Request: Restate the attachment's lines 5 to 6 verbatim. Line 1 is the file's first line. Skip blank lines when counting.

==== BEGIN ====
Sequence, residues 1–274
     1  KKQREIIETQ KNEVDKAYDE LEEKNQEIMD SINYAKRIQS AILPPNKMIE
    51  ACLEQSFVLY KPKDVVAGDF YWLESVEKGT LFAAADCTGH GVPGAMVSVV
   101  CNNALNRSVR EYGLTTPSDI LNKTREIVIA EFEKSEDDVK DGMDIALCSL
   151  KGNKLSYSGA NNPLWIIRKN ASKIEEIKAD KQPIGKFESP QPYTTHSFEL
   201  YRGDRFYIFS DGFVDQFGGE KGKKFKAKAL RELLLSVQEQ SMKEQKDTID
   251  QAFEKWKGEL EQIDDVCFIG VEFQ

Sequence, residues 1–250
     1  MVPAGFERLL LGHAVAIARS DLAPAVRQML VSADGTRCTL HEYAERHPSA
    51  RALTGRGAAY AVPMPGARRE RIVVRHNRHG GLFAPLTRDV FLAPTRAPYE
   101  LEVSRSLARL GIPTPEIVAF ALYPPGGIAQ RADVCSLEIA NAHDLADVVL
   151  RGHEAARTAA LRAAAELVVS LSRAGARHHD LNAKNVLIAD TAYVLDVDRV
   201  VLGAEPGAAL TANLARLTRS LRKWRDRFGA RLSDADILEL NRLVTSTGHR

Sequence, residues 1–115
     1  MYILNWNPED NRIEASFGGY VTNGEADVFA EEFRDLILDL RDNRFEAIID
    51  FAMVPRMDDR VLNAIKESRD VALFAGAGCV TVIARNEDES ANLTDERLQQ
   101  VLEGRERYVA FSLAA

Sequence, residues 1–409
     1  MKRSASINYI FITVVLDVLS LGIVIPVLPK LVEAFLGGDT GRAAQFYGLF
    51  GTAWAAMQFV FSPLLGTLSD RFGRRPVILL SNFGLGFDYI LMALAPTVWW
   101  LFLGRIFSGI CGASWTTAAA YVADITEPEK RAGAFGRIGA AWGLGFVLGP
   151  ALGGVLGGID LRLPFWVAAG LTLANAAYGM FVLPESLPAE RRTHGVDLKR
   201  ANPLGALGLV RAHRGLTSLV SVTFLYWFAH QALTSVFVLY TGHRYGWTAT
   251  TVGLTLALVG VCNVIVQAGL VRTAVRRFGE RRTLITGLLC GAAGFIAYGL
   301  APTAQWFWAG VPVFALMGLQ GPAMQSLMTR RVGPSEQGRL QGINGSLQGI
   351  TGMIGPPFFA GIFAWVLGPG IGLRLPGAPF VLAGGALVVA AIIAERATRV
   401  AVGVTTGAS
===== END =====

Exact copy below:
   151  KGNKLSYSGA NNPLWIIRKN ASKIEEIKAD KQPIGKFESP QPYTTHSFEL
   201  YRGDRFYIFS DGFVDQFGGE KGKKFKAKAL RELLLSVQEQ SMKEQKDTID